“We are nature, working.” -Penny Livingston Stark
The pivotal example often given is the forest- no one has to plow the forest or fertilize the forest or weed the forest. It's a integrated, self-sustaining system. So the idea is to great productive human landscapes that integrate our activities with the natural world.
At it's core, the ethics of permaculture are care to for the earth, care for people, and a commitment to sharing the surplus. Through careful and long observation of natural systems, folks have outlined some of the guiding principles that we can perceive in nature's design process, and we list them and call them permaculture principles.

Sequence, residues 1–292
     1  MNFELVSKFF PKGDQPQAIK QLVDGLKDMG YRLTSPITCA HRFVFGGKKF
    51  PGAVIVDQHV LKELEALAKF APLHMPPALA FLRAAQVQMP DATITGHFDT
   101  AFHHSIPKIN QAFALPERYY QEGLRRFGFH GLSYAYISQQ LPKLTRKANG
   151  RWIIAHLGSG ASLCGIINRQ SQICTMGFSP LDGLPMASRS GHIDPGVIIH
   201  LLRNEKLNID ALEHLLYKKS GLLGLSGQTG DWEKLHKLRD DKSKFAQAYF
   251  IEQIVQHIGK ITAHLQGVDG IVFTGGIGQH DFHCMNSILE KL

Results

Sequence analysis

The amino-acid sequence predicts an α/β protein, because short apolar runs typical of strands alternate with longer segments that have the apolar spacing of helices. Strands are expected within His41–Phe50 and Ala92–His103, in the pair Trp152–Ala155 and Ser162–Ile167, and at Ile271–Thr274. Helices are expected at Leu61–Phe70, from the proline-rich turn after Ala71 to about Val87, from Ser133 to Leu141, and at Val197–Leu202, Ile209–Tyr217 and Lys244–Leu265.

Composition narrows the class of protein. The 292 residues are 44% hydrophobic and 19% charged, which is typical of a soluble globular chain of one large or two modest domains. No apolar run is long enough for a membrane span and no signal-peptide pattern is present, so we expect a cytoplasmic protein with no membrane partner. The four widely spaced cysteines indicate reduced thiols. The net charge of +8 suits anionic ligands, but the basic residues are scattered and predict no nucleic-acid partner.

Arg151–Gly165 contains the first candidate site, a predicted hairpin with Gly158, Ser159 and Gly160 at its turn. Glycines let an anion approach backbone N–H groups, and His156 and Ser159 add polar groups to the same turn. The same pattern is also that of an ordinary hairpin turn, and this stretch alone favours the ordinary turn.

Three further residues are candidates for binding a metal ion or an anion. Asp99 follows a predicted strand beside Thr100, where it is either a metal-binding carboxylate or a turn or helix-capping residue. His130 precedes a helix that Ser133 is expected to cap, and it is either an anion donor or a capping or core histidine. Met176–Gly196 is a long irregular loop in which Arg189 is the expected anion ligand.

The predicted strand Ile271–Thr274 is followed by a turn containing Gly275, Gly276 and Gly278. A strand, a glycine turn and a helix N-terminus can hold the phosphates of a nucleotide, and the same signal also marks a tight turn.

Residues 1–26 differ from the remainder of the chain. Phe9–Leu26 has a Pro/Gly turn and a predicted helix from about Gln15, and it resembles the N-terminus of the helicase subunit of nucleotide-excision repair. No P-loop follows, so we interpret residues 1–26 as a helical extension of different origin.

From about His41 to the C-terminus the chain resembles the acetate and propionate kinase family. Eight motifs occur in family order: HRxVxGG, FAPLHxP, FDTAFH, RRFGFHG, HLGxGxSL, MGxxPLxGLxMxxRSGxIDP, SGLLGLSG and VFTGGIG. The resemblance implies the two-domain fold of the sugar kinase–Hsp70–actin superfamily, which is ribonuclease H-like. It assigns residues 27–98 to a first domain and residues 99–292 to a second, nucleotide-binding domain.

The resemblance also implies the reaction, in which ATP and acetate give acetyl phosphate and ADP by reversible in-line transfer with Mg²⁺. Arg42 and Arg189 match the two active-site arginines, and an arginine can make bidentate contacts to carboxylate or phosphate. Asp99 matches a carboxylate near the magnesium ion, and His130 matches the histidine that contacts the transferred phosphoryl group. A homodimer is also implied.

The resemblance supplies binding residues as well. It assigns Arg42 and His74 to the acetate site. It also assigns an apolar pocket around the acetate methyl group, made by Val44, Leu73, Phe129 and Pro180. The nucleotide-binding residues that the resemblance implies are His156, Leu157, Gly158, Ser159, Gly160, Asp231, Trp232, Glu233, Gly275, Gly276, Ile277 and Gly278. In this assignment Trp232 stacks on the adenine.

1. Relative Location Each site or landscape presents its own unique opportunities, needs, and challenges. We have to design for the site, not for ourselves. Start with the site.
3. Each important function is supported by many elements Building redundancy into the system provides backup plans for each function- minimizing maintenance and input. For example, the important task of water preservation and storage may be served by water stored in the ground table, a pond, a rain barrel or cistern, and the well.
4. Conservation of energy I won't call nature lazy, but you definitely won't catch her carrying water uphill. With this principle, we're taking into account zones: which reflect human usage (not putting herbs you want to cut for each meal at the far end of the property) and sectors-factors in the landscape, like sun exposure, slope, the behavior of water, and using these factors to your advantage rather than trying to change them.
the next post.
Note: These photos were taken at Bear's Den in January. I'm now in Burkina Faso in a very different landscape...so this is a sweet little taste of home.